By Olayinka LATONA
Despite the extent of awareness and programmes organised by government and various non-governmental bodies, it is shocking that some Nigerians especially those living in slums areas of the country are still ignorant about issues of HIV & AIDS.
Bukola Adeleke, 17, a mother of one who lives in Kadara area of Oyingbo in Ebute-Metta, Lagos has heard about AIDS but has never attend any seminar or campaign on the issue. Bukola who never knew the father of her son said neighbors always discouraged her whenever she comes up with the issue of HIV & AIDS adding that her friends told her that HIV is only meant for the rich people “Aisan Olowo” in Yoruba.
However, in order to enlighten and educate people like Bukola, Social And Econimic Rights Action Center (SERAC), an NGO, held a day workshop for slum dwellers at The Apostolic Primary School, Ebute -Metta East Lagos.
SERAC marked the 2010 World AIDS Day at “Ebute” as popularly called and known to people in Oyingbo. After the lecture entitled “Mode of Transmission, Preventive Measure and Taking Care of People Living Wwith HIV” the response of the people indicated they had very low level of understanding about the issues.
Some of the women were actually shocked to hear that the female condom is in Nigeria.
Odunaike Babatope, a father of five, recounted that he and his colleagues always believed HIV was as a result of too much gonorrhoea in the body therefore they only guarded against gonorrhoea by taking herbal concoctions. He confessed that he now knew better.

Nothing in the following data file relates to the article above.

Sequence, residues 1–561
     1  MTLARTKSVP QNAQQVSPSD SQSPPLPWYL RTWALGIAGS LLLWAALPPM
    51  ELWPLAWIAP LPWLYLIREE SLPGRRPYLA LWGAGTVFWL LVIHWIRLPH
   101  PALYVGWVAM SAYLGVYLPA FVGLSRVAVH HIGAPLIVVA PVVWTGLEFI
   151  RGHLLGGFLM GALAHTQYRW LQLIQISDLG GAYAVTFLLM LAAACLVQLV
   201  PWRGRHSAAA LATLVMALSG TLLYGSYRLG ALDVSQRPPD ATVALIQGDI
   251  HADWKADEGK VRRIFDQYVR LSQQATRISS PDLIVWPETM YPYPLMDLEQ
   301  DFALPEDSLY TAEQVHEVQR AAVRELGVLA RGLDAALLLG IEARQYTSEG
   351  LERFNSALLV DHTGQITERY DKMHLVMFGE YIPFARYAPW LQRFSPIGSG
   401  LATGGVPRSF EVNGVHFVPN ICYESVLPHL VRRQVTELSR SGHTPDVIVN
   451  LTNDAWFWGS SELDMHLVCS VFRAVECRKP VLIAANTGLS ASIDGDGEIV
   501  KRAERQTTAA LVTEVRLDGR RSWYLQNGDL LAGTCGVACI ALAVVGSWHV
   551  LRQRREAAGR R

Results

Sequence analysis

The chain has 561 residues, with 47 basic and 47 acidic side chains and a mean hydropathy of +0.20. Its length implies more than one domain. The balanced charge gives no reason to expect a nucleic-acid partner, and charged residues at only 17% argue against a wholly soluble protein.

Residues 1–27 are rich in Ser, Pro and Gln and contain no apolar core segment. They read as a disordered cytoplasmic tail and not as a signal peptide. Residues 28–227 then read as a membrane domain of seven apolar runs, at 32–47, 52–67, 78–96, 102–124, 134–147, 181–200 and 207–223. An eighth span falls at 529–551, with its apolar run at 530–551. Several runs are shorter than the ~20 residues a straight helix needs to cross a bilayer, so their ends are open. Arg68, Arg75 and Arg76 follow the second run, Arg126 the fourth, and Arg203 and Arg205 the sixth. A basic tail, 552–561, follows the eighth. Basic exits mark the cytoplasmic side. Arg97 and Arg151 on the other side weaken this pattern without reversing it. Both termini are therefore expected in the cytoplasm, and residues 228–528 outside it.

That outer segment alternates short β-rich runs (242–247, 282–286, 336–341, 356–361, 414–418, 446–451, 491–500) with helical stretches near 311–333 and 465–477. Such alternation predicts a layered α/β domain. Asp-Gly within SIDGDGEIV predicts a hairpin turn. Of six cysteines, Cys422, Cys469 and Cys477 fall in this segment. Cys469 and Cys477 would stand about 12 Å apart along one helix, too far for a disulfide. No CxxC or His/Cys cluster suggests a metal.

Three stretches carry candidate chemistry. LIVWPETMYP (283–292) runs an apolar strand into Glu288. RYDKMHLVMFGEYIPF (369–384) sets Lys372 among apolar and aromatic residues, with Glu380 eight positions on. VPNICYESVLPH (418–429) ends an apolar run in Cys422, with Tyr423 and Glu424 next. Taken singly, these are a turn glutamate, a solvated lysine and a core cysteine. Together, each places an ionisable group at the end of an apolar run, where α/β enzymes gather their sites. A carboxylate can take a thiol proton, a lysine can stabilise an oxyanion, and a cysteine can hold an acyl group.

Mustapha Bakare who said he has two wives and several concubines did did not believe in the use of condom as a guard against HIV. He actually knew nothing about HIV before and just hearing it for the first time in detail.
Ohaeri Victoria, Programme Coordinator, SERAC sought for improved partnership between government and civil society in order to effectively combat AIDS in the rural areas and also for such slum dwellers to make informed decisions about their sexuality and productive well being .
Victoria said although Nigeria has witnessed significant progress with its various national response to AIDS through government efforts and non-governmental organisations.
She insisted there should be a greater collaboration between the government and the Civil society as there is still much work to be done to achieve universal access and improve on the protection of the rights of Nigerians especially those living in the remote areas.
She said majority of rural dwellers did not have access to information on HIV/AIDS as they lack the basic social amenities like good roads, primary health care, electricity amongst others.
Also, Dr. Cara Cookey in her lecture noted that for Nigeria to attain the 2015 target set by the World Health Organization (WHO) for universal access to healthcare, government had to make available good health care facility to the people living in the remote areas and also increase awareness on the mode of transmission of HIV adding that the awareness among at the grassroots was very low. She said a lot remains to be done for people living in rural areas.